When we walk through the doors of a hospital, as a patient we expect to receive the best care that is medically available.
Dr. Thomas Brothers, a Dalhousie University general internal medicine resident, has taken a deep dive into addiction treatment and harm reduction services at the Saint John Regional Hospital and the QEII and results show there is room for improvement.
The manuscript, “Unequal access to opioid agonist treatment and sterile injecting equipment among hospitalized patients with injection drug use-associated infective endocarditis” (IDU-IE), was recently published in PLOS ONE, a peer-reviewed open-access scientific journal produced by the Public Library of Science. Dr. Brothers and his colleagues, including Dalhousie faculty in both Halifax and New Brunswick, gathered hospital data over an 18-month period between 2015–2017 and found that patients with IDU-IE in the Canadian Maritimes have unequal access to addiction care depending on where they are hospitalized, which also differs greatly from the community-based standard of care.
The study was inspired by a desire to identify how people were being admitted to hospital with IDU-IE and how many were offered appropriate care. While Dr. Brothers was completing his medical school training at Dalhousie, he noted the frequency with which patients were admitted with serious, life-threatening bacterial infections such as endocarditis resulting from injection drug-use. The pattern following these admissions alerted him to the need to help these patients.
“They would not do very well,” he recalls. “They would present in serious pain and withdrawal and would often leave the hospital to get drugs to treat their symptoms, and it seemed like nobody really knew how to help.”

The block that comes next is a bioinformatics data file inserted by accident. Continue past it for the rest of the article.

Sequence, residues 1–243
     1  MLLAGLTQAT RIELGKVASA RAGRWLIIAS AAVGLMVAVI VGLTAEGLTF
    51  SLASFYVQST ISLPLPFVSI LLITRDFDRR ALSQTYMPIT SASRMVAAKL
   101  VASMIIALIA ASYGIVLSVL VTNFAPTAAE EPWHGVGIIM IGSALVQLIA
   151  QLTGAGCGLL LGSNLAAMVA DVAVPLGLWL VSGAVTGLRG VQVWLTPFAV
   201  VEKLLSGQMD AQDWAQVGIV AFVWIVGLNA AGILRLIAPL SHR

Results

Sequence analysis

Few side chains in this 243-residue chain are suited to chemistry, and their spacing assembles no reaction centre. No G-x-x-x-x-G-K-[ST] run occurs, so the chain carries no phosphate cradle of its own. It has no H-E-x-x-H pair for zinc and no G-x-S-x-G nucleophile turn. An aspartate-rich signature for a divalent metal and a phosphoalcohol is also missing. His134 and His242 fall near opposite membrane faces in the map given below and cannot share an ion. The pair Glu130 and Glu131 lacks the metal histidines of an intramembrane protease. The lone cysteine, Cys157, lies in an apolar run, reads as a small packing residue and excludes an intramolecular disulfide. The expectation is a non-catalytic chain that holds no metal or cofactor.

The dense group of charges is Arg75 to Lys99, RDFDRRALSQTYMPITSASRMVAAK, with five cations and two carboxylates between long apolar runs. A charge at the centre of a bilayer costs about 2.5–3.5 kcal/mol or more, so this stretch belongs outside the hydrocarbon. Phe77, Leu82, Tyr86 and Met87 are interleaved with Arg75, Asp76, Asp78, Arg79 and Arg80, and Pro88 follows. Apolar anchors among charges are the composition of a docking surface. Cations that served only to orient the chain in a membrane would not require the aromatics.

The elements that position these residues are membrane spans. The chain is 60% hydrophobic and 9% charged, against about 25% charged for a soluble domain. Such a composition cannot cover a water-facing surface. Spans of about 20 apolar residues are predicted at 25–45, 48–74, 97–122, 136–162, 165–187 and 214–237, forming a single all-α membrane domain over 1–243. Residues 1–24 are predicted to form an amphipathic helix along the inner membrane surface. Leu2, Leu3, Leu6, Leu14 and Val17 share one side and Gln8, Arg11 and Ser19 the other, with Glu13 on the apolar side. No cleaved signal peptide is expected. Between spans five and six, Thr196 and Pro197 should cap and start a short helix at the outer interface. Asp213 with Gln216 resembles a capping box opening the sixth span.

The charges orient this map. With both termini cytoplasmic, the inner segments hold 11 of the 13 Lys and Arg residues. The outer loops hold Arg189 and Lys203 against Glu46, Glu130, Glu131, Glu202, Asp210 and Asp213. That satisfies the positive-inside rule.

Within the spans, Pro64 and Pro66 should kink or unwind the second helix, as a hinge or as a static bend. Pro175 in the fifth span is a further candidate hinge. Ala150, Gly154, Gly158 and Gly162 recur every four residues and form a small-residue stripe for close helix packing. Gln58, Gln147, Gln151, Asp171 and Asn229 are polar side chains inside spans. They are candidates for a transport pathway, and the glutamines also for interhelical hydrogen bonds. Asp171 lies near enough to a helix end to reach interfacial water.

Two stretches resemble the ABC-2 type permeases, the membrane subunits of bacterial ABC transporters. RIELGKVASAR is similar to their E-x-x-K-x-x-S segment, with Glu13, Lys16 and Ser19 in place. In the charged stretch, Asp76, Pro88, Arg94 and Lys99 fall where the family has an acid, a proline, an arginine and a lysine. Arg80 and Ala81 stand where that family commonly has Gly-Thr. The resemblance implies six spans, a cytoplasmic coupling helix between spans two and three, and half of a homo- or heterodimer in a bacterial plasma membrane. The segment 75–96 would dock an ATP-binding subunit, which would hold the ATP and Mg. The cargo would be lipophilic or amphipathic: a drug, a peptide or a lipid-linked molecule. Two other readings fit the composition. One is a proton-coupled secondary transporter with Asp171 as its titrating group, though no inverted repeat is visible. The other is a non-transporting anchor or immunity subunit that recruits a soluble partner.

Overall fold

An alarmingly high 10–20% of patients on the internal medicine ward are there with medical complications from addiction. Traditionally, the focus has been on medical treatment: antibiotics for bacterial infections, diuretics for those with liver disease or heart failure from alcohol, and consultations with social work to offer counseling and other supports. In Halifax, addiction treatment in hospital with evidence-based medications simply was not available.
A community of care
While witnessing the hospital situation, Dr. Brothers was completing electives at local harm reduction organizations such as Mobile Outreach Street Health (MOSH) and Mainline Needle Exchange. It was at MOSH that he met founder Patti Melanson, a registered nurse and co-author on the paper, who introduced him to compassionate, expert harm reduction care in the community. What they offered was so drastically different from what was available in hospital that Dr. Brothers set out to determine how to incorporate what was provided in the community into acute care settings.
He was subsequently introduced to Dr. Duncan Webster, an associate professor in the Department of Medicine, and an infectious disease specialist in New Brunswick, who had been providing addiction and harm reduction care to hospitalized patients in Saint John since the early 2000s. Dr. Webster initiated the program after a troubling hospital encounter with a young woman with endocarditis, eager for opioid addiction treatment with methadone and with no availability at the local outpatient clinics for six months.
“I can remember her comment to me was, “So you’re gonna throw me back to the wolves,'” says Dr. Webster. “There were just so many obvious gaps in the system.”
Dr. Webster and his team in the Division of Infectious Diseases began offering patients opioid agonist treatment (OAT; e.g. methadone, buprenorphine) and access to sterile drug injecting equipment in hospital with continued care upon discharge into the community.
Learning of this program, Dr. Brothers was motivated to adopt something similar in Nova Scotia.